Just a couple Jellyfish facts

Here’s a couple facts about the Lions Mane Jellyfish.
The largest known species of jellyfish is the Lion’s Mane Jellyfish. It  prefers cold waters of the ocean and is mainly found in the boreal waters of the  Arctic, northern Pacific oceans and northern Atlantic. The Lion’s Mane found in  the Arctic is one of the longest known animals and the largest recorded specimen  is 120 feet in length and the bell body has a diameter of 7 feet and 6 inches.  This was found washed ashore in Massachusetts Bay in 1870.

The Lion’s  Mane is a common species of jellyfish and packs quite a sting. These stings are  seldom fatal, but are toxic and can cause severe pain and burns. Only one person  has been reported to have been killed by this type of jellyfish, but still this  species is considered potentially dangerous. The bell body of this jellyfish is  capable of attaining a diameter of 8 feet, but this species comes in varying  sizes. The ones in the northern counterpart are much bigger in size then the  ones found further south. The southern ones have only up to a bell diameter of  20 inches. The Lion’s Mane found in the northern oceans have tentacles which  trail as long as 100 feet in length. The tentacles of this jellyfish is  extremely sticky and come grouped in eight clusters. Every cluster has 65 to 150  tentacles, in a series of rows. The bell body has an appearance of an  eight-pointed star, as it is divided into eight lobes.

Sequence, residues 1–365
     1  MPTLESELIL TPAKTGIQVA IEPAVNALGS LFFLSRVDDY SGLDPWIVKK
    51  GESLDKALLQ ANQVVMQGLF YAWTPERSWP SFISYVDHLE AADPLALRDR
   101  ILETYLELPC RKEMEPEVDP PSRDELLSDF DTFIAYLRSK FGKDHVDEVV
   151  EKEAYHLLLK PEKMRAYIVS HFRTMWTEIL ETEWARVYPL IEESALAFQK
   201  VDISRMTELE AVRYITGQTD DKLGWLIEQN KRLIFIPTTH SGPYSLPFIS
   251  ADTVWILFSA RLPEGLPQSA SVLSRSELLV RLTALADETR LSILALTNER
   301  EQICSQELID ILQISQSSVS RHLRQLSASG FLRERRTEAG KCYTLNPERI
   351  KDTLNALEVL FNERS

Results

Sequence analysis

The color of the  Lion’s Mane jellyfish depends on its size. The larger ones come in dark purple  and vivid crimson colors. The smaller specimens usually have shades of lighter  orange or tan. This jellyfish is so named because its thick cluster of tentacles  look similar to a lion’s mane

Lions Mane Jellyfish


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